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Aug 31, 2017

Children's cafeterias booming in Japan, but neglected kids still big issue



TOKYO - Growing concern about children eating alone has spurred a drive in Japan to offer free or low-cost meals for them at makeshift cafeterias, as the world's third-largest economy faces a relatively high child poverty rate.


Since the launch of the first such facility in Tokyo in 2012, the number of children's diners has sharply increased to about 500, with their activities expanding to dietary education, learning assistance, reduction of food waste and rekindling lost ties in local communities.



Although a step in the right direction, the children's cafeterias, however, are not a panacea for a more entrenched problem of children suffering from neglect or other social difficulties who might require professional care, welfare experts say.


The temporary cafeterias open regularly at such venues as community centers, grocery stores, restaurants, Japanese-style pubs and private homes. Local volunteers and governments help run them and cooking ingredients are often donated by farmers and companies.


On a summer evening, about 80 children and adults gathered at a kids' cafeteria in Tokyo's Kita Ward, which opens twice a month, cooking and eating dishes together, including pork and soup. Ice cream was also served on the menu.


At a local community center kitchen, some children helped prepare meals, while others played in an adjacent room as they waited for the dishes that were provided free for kids and cost 300 yen (about $2.70) for adults.


"I came here for the third time because my son wants to play with older children," a female participant said. She brought her preschooler to the cafeteria called "Kita Kuma."


Miwa Tsuboi, 39, who founded the diner with her friends in May last year, said she created it to support children who are compelled to eat alone as their parents are busy working.


"I was on a long leave to take care of my third child and thought it would be my last chance to do something while away from work," Tsuboi said. "It's fun to eat together and I try to talk to children who may have problems," she said, referring to kids from single-parent households or those on welfare.


To put the children at ease, Tsuboi said she invites children to come to the cafeteria with their friends. Kita Kuma also provides children with secondhand school uniforms and other student supplies.


"Ideally speaking, we'd like to increase the number of dishes featuring seasonal food and start a learning assistance program," Tsuboi said. "I hope children's cafeterias will further spread so that kids can walk to a nearby diner alone."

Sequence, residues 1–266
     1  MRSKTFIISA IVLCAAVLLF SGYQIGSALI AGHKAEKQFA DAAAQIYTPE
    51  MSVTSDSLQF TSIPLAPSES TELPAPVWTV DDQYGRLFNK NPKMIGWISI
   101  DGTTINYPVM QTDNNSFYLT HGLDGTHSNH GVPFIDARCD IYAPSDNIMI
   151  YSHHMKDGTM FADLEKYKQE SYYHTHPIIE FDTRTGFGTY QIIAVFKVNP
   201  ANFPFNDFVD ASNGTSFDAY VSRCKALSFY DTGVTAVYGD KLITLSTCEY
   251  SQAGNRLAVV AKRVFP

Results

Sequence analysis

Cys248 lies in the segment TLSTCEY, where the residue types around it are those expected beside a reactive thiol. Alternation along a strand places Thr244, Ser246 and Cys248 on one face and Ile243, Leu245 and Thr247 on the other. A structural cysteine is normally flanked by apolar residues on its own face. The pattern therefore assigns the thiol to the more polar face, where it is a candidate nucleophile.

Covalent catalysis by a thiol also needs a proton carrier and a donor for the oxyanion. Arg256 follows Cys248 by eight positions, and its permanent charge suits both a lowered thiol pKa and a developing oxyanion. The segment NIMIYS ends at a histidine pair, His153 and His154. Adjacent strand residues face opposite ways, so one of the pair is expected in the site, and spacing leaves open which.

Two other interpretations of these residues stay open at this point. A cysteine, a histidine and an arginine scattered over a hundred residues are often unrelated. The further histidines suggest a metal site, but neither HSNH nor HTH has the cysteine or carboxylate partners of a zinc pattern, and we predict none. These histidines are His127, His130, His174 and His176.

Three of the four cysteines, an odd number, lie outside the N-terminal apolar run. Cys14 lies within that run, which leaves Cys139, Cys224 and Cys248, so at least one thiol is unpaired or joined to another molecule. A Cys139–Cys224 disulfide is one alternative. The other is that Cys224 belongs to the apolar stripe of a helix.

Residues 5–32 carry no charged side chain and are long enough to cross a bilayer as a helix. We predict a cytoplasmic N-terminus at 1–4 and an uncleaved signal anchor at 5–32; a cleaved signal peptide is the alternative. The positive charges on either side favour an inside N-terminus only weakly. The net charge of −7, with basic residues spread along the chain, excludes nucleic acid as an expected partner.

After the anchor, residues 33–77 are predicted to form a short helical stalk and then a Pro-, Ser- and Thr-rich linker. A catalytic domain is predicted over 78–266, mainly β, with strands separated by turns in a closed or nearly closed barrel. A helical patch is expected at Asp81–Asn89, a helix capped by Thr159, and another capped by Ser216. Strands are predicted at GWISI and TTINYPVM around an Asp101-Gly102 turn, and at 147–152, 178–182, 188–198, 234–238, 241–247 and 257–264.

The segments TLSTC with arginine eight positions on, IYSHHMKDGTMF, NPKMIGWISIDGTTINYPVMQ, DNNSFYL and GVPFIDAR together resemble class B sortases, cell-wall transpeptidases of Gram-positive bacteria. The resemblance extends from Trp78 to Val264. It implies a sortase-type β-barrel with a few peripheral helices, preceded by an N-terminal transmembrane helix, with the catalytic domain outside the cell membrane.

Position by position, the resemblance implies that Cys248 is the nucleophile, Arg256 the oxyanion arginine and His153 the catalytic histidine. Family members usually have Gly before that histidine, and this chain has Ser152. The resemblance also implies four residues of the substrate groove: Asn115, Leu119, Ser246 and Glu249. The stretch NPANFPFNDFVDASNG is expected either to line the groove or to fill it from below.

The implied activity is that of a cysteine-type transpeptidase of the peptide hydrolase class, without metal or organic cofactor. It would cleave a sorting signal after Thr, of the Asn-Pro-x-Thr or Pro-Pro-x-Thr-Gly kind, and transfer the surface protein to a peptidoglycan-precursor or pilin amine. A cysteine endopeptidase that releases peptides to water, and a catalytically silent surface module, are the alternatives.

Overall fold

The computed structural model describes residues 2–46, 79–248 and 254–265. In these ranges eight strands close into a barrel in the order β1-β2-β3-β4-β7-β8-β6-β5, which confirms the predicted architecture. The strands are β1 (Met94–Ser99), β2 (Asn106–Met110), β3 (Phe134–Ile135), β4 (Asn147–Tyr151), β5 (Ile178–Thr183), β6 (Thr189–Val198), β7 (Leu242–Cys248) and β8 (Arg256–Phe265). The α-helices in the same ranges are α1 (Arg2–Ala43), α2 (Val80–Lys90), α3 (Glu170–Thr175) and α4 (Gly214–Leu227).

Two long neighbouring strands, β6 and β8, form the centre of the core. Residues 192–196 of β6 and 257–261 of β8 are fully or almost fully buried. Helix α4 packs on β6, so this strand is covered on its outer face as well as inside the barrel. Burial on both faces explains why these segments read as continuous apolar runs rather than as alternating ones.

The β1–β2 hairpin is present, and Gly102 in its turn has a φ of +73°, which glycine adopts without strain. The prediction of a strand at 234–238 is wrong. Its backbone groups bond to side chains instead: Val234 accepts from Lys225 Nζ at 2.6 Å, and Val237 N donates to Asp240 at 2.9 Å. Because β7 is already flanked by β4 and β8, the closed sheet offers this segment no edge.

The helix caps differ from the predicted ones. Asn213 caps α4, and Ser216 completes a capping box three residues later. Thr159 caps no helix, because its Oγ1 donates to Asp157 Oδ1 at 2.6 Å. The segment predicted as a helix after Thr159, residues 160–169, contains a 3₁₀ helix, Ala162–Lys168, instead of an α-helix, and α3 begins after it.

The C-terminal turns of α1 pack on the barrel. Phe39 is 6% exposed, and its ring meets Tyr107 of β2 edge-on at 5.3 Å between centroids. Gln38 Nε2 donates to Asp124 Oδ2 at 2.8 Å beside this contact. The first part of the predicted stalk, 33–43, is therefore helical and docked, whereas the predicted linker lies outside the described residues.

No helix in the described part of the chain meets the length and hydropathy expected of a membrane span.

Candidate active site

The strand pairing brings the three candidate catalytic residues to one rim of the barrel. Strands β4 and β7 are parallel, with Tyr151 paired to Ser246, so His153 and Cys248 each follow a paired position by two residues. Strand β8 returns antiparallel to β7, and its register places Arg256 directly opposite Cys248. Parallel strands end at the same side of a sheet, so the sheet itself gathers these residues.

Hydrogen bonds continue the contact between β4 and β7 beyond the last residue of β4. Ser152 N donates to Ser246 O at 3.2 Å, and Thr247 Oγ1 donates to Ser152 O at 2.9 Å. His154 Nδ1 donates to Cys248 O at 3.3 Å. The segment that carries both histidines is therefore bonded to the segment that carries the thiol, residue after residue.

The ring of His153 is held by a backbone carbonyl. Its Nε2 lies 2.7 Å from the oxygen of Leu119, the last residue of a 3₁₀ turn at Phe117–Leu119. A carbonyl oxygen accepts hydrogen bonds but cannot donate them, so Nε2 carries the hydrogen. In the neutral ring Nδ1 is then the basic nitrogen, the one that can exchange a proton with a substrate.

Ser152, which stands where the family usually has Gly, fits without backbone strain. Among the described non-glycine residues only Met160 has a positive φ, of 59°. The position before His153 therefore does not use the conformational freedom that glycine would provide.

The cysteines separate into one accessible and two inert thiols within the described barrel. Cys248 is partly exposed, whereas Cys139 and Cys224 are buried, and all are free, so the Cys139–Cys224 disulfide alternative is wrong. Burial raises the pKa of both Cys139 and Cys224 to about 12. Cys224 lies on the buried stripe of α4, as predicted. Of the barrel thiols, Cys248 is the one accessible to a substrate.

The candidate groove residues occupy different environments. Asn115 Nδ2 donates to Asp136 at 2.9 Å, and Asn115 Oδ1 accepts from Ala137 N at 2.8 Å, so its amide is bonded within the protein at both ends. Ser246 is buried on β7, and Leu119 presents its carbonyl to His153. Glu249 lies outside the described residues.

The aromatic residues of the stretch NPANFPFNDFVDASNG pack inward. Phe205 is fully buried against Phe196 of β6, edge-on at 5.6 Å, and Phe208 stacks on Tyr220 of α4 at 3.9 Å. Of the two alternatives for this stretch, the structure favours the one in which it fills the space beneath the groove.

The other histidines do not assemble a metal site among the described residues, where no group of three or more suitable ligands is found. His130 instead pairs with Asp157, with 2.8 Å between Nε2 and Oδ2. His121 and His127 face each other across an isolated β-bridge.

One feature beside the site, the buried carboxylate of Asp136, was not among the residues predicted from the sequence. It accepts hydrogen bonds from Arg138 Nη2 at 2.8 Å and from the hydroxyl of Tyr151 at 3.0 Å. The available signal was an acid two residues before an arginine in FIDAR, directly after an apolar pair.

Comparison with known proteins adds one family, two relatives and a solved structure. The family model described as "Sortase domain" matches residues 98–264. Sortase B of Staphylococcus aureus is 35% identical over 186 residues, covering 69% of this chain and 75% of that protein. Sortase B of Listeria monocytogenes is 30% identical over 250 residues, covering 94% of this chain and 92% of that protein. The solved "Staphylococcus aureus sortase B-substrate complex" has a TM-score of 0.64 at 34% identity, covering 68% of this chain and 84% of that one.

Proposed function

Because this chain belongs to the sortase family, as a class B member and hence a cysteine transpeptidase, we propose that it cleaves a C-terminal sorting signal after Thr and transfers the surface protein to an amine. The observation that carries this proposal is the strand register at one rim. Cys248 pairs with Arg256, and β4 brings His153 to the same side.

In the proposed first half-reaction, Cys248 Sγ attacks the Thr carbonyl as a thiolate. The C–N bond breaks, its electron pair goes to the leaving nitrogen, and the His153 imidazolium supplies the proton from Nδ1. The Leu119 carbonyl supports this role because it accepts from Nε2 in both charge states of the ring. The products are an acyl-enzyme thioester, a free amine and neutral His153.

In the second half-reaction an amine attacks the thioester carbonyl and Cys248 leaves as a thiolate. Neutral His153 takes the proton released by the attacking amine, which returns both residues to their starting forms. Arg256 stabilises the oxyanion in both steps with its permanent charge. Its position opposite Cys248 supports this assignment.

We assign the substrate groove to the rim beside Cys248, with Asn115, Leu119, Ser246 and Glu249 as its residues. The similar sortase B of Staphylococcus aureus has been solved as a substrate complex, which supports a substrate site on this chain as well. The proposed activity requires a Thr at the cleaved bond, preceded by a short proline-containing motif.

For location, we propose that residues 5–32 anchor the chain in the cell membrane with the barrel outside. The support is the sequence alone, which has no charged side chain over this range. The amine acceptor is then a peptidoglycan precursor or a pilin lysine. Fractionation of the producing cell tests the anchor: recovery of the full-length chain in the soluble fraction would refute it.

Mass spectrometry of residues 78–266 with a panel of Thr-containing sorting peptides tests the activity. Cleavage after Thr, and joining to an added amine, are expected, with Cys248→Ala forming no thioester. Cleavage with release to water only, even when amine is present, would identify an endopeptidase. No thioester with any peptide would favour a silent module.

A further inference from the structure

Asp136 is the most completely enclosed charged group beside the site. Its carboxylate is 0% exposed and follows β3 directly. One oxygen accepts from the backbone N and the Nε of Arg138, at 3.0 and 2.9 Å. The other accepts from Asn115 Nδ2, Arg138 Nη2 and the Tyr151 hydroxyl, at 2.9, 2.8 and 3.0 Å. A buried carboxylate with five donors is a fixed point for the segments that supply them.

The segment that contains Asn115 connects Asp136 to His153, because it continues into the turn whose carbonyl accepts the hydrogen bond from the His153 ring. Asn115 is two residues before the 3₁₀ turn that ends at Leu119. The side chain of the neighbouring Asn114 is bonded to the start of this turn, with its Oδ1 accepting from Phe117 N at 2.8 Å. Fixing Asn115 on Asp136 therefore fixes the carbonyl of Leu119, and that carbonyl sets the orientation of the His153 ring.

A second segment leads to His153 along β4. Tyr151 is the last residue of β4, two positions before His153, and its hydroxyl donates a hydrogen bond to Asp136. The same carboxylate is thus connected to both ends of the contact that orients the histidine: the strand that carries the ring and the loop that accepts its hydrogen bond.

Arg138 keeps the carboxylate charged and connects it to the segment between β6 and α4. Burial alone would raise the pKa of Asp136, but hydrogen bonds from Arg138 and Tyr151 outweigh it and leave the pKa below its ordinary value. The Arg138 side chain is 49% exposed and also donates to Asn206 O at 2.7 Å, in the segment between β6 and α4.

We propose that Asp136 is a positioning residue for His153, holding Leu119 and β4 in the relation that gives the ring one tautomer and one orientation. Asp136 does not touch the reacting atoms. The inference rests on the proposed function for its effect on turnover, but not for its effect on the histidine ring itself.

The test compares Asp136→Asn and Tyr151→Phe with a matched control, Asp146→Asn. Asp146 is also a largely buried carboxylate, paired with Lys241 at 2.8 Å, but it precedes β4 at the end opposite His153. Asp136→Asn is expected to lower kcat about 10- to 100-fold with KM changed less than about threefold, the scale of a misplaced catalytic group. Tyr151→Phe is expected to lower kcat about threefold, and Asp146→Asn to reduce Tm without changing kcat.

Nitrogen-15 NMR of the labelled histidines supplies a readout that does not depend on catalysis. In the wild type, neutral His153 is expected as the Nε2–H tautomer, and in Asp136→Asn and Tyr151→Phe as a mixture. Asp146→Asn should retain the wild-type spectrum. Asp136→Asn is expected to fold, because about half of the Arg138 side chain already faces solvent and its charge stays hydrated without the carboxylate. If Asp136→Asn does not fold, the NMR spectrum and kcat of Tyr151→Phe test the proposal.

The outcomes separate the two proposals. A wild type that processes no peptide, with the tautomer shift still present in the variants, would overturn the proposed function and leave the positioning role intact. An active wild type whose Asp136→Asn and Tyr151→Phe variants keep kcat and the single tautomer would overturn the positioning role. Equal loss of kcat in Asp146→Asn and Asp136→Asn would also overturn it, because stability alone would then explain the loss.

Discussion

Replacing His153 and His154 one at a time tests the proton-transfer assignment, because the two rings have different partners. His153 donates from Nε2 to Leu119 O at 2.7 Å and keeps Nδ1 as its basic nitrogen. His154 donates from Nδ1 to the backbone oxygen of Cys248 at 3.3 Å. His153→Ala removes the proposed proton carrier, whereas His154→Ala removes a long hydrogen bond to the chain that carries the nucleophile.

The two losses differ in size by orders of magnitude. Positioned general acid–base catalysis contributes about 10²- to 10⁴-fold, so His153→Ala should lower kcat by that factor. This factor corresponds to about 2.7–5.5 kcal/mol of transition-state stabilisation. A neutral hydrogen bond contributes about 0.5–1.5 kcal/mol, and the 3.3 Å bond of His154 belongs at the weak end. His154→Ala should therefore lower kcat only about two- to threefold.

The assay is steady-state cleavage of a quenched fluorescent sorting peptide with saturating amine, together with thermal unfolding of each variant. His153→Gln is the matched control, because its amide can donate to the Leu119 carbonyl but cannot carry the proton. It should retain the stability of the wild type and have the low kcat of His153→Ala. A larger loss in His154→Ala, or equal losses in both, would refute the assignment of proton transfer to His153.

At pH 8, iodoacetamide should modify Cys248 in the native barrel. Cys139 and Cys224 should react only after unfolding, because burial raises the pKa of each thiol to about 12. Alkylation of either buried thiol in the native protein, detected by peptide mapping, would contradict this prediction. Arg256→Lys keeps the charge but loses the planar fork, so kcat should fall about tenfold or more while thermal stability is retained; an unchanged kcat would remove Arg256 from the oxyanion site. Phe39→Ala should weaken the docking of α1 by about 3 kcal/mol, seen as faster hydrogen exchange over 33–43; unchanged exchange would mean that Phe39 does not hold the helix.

Chieko Kuribayashi, 50, who leads a campaign to promote children's cafeterias across Japan, said the recent sharp increase of such diners reflects the goodwill of many people worried about children in dire situations.


"Hearing the news about child poverty, I believe many people wondered what they can do and found out they could be of help by just cooking meals," said Kuribayashi, head of a nonprofit group managing children's diners in Tokyo's Toshima Ward.


Through the three-year promotional campaign started last year, Kuribayashi and other organizers aim to convey their know-how and share good practices with those interested in setting up children's cafeterias in each region.


Japan's 2015 child poverty rate stood at 13.9 percent, meaning one in every seven children below 18 were in households living on less than half the national median household disposable income.


The figure slightly improved from 2012 amid the country's economic recovery, but was still higher than the average among 36 industrialized and emerging economies. In Japan's single-parent households, the rate was as high as 50.8 percent.




Kuribayashi pointed out poverty-stricken children are all over Japan, regardless of the size of the cities.


"Whether in urban areas or the countryside, local communities are losing the capability to support each other," she said. "Kids' diners could help shed light on the disadvantaged, who often remain invisible in Japanese society (due to a stigma), and give them much needed connections with others to address problems they are facing.


When her group Toshima Kodomo Wakuwaku Network opened a children's cafeteria in 2012, it drew criticisms from people who said parents "would become lazy" if they didn't have to prepare meals for their kids. Starting a diner, they argued, might be an "intrusion into each family's private affairs."


"I'd like to promote understanding (about the diners), so that community residents can unite for the sake of children based on an idea that they will watch over local kids together," Kuribayashi said.


However, Masumi Kanazawa, associate professor of social welfare at Momoyama Gakuin University, said there are limits to the influence children's cafeterias can have in extending a helping hand to troubled kids who require specialists' care.


"Now that children's diners are booming in Japan, they can raise awareness on the poverty issue and kids whose conditions are not so serious or are in the stage of recovery may be able to come," Kanazawa said.


"But troubled children who refuse to go to school, are neglected by their parents or the disabled tend to stay at home and require long-term care before they can rebuild relationship with other people," she said.




The associate professor said volunteers at children's cafeterias need to alert welfare experts whenever they find kids with problems because they have not been trained to handle such situations.


Kanazawa also said local governments should not jump on the bandwagon to boost subsidies for kids' diners, but instead try to allocate budgets to help those in desperate straits.



© KYODO

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